By Nikki M. Mascali

After drifting down the California coast together in late December, Cracker and Camper Van Beethoven are now meandering their way down the East Coast.  Both mini tours, the latter which stops as World Café Live in Philadelphia Saturday, Jan. 18 and New York’s Highline Ballroom Sunday, Jan. 19, have been an annual occurrence for the past 10 years — but the relationship between these two Golden State bands began more than three decades ago.

“It’s family for sure, a 30-year relationship is just family,” CVB bassist Victor Krummenacher told Highway 81 Revisited last month.  “There’s so much power involved in getting on stage together — we don’t exactly hang out, we’re in different corners of the world.  It’s much more a matter of we have this thing we’ve all worked very hard on, and they like doing it, and it’s what brings us together.”

Krummenacher confessed that “it’s not easy” maintaining the shared musical history and members of Cracker and CVB over the years.  David Lowery and Frank Funaro handle vocals/guitar and drums, respectively, in both bands, and Jonathan Segel, Greg Lisher and Michael Urbano round out CVB.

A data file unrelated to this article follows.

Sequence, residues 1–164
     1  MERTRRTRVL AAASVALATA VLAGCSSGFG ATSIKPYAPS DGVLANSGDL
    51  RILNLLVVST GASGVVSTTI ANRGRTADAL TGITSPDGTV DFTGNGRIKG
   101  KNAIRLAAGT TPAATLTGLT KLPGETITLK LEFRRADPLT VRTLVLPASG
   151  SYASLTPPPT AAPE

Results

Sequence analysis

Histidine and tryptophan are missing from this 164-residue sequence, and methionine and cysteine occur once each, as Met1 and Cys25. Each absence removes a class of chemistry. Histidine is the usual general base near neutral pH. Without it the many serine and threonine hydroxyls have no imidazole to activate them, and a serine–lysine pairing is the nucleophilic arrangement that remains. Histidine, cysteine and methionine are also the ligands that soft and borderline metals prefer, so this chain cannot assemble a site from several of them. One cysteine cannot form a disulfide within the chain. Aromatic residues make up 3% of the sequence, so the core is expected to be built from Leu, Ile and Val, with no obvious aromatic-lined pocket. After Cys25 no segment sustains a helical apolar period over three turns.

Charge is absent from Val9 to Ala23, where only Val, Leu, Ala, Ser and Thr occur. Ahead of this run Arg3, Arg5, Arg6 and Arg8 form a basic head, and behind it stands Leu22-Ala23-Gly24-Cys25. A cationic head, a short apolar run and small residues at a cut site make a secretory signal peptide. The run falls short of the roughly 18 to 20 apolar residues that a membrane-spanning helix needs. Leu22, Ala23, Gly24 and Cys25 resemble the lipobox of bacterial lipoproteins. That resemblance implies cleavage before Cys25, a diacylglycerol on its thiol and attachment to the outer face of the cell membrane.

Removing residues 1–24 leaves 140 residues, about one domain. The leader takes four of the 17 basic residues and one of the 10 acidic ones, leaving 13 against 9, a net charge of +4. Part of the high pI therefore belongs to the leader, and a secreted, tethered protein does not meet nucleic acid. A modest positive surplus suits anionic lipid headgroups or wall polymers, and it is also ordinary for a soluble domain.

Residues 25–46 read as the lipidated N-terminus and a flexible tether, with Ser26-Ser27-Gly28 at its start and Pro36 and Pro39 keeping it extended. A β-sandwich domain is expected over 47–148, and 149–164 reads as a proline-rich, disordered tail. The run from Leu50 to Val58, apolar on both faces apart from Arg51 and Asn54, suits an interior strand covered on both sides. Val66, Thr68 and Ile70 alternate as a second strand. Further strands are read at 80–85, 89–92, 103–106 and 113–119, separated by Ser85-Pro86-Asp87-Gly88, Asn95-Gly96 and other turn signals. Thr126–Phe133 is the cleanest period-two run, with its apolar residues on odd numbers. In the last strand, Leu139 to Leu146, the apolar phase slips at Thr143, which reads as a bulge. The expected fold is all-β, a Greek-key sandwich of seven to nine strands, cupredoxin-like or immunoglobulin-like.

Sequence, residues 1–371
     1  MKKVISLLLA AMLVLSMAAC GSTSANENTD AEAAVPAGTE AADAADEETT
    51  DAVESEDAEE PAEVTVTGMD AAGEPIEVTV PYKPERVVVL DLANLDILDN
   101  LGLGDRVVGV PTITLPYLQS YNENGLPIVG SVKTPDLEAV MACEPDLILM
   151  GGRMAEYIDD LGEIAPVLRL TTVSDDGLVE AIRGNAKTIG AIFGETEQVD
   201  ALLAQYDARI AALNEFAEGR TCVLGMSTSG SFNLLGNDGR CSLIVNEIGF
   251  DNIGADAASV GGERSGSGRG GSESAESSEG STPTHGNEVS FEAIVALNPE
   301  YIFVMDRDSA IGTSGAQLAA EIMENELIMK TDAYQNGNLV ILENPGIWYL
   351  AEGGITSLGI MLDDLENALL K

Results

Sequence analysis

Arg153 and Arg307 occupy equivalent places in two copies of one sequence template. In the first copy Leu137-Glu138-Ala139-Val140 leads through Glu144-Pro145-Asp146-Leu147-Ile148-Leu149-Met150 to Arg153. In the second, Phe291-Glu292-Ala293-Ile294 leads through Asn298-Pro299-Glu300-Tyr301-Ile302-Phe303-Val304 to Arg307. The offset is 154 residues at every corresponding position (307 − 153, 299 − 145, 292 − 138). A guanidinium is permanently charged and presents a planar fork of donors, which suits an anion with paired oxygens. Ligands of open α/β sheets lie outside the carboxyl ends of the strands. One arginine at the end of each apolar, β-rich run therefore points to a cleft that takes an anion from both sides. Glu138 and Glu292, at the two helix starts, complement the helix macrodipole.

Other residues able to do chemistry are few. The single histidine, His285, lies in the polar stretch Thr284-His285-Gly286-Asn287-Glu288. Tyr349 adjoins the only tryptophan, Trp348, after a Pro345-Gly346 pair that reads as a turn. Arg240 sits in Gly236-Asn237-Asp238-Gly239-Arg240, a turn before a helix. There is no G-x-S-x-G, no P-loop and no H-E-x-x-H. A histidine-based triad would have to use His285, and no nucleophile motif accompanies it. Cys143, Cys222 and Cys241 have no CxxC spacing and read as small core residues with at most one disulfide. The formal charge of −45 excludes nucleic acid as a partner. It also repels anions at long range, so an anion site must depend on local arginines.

To help keep things straight, and maybe the members sane, the bands try to make it so only one is kind of at the forefront at a time.  With the release of “La Costa Perdida,” CVB’s first release in nine years, “2013 was a Camper year,” Krummenacher said, “and we’re going into a Cracker phase.”

That’s not to say that CVB will be idle, though, as the group is working on a follow up to “La Costa Perdida.”  While that album sang the praises of Northern California, the new one will have a SoCal theme, and, Krummenacher assured the sequel will not take nine years to appear.  “It’ll be out in 2014,” he said.

Additionally, Omnivore Recordings will release reissues of 1988’s “Our Beloved Revolutionary Sweetheart” and 1989’s “Key Lime Pie” on Feb. 4.  Krummenacher called the occasion “gratifying, as we had not the best relationship with Virgin Records.  The first generation of ‘Our Beloved Revolution’ sounded like crap,” he said frankly.  “I’ve heard the mixes with their intended depth, and it is really good.”

Founded in 1983, CVB cut its teeth in an era where “American Idol,” YouTube and the ability to record an album from different locations didn’t exist.  Despite the lack of cutting-edge technology back then, Krummenacher feels CVB had it better.

“I’m not a believer that everybody makes a record or every kid gets a trophy,” he began.  “I think people lost the affinity of what music can be in their lives.  It’s had a big role in my life.  I get together with my musician friends, and it’s timeless, I’m 18 again.

“Music is restorative, it’s a physical state and the music relationship is changing because our technology is changing.  I encourage people to unplug and make space for music in your lives and albums.”

Sounds like damn good advice to us.

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